What makes a writer a professional?

Yesterday, someone implied that I wasn’t a professional writer because I’m not completely supporting myself with the money I make with my writing. I bristled at this because I am a professional writer, have been for 40 years. I write, get published and get paid for it. I have boxes of clips, a resume full of publishing credits, and six published books. I file a Schedule C on my tax return as a person running a writing business.

Can I pay all my bills with what I make writing? No. The only time I have ever done that was when I was working full-time as a newspaper staff writer or editor—and even then I didn’t make quite enough money to pay for everything I needed. Did that make me not a professional? No. I was an underpaid professional but I was a professional.

This is hard for new writers to accept, but most writers cannot live off their writing income alone. Most of the writers I admire teach or edit or give talks. Some do ghostwriting or corporate writing. Some do something completely unrelated to writing, not a bad thing because it often clears the mind and feeds the muse.

I used to joke with my writing students that I was free to write because I had a “sugar daddy,” a husband who paid the mortgage with his job. I’d tell them, don’t expect to make a living writing anytime soon. It takes time to build up a writing practice, to move from assignments that pay little or nothing to features in national publications that might actually pay the mortgage. A one thousand-dollar paycheck is pretty good for a piece of writing. But how long will that pay your bills? You’d have to do it again and again. A self-supporting freelancer spends way more than 40 hours a week marketing, networking, and yes, writing.

As for books, only a blessed few make the kind of gigantic advances that allow them to stop whatever they used to do and write full-time. It can happen to any of us if we work hard enough and get the right breaks, but as the saying goes, don’t quit your day job.

But if we write all the time and our achievements are limited to a publication here and there, $50 here and $500 there, are we any less professional than the author of that bestseller who works less and makes more money? Not in my eyes.

My Webster’s dictionary offers several definitions for “professional.” One is “participating for gain or livelihood in an activity or field of endeavor often engaged in by amateurs.” Well, that pretty much says it. But that isn’t the first definition. The first says a professional is someone who is “engaged in one of the learned professions, characterized by or conforming to the technical and ethical standards of a profession.” That doesn’t say anything about money. And how do they define a profession? “A principal calling, vocation, or employment.” I think that makes me—and probably you—a professional writer.The important thing is what we do, not how much money we make.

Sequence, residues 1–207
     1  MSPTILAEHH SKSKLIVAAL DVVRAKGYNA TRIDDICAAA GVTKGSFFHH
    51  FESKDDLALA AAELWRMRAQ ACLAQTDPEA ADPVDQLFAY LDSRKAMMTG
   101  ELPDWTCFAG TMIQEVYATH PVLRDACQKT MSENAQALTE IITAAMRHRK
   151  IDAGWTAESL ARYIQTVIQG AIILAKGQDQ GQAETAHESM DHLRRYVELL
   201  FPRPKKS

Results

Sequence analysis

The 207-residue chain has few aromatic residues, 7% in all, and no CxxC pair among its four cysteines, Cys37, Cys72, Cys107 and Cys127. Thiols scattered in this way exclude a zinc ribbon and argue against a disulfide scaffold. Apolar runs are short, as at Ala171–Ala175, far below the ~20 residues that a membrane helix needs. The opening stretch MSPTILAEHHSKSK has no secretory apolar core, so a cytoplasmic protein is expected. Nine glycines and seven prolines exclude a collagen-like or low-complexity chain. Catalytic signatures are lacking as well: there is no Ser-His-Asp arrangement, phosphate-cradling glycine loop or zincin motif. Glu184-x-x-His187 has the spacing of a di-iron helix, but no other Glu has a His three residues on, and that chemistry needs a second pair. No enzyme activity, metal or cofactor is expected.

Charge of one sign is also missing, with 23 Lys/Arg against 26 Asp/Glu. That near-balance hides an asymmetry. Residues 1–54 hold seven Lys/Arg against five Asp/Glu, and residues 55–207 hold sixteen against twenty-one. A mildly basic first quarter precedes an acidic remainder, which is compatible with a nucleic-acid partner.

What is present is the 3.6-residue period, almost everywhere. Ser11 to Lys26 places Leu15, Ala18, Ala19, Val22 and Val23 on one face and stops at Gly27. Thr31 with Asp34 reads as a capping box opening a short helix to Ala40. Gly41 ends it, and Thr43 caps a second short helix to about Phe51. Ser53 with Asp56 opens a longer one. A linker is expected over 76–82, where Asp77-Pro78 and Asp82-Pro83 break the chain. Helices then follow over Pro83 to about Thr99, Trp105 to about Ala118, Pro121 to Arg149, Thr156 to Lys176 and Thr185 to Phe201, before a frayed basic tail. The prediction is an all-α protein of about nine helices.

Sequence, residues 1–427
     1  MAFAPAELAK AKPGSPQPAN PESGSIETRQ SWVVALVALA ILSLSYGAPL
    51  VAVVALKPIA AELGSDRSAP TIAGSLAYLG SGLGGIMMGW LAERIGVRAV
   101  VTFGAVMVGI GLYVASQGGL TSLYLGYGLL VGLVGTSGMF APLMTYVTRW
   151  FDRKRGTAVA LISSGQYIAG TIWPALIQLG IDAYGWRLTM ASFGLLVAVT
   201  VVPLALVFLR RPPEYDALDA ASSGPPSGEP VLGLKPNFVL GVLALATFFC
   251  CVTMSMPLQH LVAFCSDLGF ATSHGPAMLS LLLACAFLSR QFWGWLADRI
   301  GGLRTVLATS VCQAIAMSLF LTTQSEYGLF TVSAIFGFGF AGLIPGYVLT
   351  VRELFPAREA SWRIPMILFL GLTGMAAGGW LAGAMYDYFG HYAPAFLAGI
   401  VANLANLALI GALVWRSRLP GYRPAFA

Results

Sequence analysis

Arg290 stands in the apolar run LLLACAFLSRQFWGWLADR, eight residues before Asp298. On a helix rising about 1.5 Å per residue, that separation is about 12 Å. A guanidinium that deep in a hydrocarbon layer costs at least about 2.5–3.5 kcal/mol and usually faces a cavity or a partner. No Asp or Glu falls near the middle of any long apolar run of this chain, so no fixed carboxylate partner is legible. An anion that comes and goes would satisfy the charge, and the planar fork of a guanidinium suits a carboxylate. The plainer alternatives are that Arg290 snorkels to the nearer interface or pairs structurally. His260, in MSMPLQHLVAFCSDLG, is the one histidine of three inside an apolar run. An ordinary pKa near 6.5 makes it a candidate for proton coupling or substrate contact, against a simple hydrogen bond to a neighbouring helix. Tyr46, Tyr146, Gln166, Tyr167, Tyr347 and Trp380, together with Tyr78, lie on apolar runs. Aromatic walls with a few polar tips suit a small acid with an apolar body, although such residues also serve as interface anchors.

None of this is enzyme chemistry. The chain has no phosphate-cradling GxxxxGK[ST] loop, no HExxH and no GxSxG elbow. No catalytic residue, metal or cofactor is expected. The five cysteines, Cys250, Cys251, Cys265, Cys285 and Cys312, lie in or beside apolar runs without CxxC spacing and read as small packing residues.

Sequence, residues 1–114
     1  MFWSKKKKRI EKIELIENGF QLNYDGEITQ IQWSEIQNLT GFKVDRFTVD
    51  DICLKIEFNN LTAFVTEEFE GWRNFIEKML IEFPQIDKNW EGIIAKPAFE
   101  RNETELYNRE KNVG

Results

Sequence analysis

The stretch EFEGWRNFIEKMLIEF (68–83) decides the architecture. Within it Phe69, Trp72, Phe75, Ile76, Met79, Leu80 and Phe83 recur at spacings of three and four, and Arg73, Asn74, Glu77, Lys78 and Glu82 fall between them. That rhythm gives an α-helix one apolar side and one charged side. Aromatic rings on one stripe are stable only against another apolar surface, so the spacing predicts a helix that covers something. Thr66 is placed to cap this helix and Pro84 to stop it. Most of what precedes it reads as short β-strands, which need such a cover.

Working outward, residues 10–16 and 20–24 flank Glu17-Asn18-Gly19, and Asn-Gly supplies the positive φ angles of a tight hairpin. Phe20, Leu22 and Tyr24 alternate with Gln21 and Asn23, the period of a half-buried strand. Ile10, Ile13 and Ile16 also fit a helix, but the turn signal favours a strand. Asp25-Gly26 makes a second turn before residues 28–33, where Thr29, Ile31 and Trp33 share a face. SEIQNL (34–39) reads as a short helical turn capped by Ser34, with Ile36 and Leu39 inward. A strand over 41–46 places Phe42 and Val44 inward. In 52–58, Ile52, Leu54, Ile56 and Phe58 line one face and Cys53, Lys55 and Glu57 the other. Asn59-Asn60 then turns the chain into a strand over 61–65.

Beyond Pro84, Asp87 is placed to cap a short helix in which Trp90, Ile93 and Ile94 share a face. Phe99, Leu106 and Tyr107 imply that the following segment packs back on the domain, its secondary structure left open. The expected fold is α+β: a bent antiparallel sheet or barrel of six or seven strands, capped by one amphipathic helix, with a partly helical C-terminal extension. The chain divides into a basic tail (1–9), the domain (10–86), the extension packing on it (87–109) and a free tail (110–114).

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>Don’t Believe Everything You Read

>A recent article on how to get a newspaper job had me writing comments in the margins along the lines of “No!” and “Not a chance.” I worry about the bad advice that circulates in the writing business, playing on people’s hopes with misinformation. Please, don’t believe everything you read.

Let me refute some of the things in this article.

1) Part-time newspaper jobs can be gained by writers with little experience. No. This is unlikely. The smallest of small-town rags may hire students as interns or cub reporters, but even they need some training and some proof they can put a story together.

2) Letters to the editor can lead to a job on a newspaper. Not a chance. Letters to the editor are not articles, and editors do not hire writers based on their letters.

3) After you study the paper and write some letters, the next logical step is to do a job shadow. Most companies welcome people to do this. Maybe in other businesses, but I can’t imagine having someone follow me around all day while I work. It might be okay to have company while doing interviews, but when it comes to writing and meeting deadlines, I assure you no reporter or editor wants somebody hanging around to watch.

4) You can become a stringer—freelancer—for a paper with little or no experience, just a desire to learn. Again, no. Newspaper editors do not have time to teach you how to write. They need you to show up with the necessary skills already in hand.

5) When you want to write for a paper, call and keep calling. God, no. Every time you interrupt the editor’s work with your phone call, you make a negative impression. Do not keep calling and begging. Instead, query with your best ideas, follow up briefly and politely, and accept no for an answer if that is the response. If they encourage you to try again, do it.

Next time, I’ll discuss five more pieces of misinformation given to wannabe writers. Meanwhile, have a great Thanksgiving. While you’re passing the turkey, can you think of a few article ideas? I’ll bet you can.
Have you purchased your copy of Freelancing for Newspapers yet?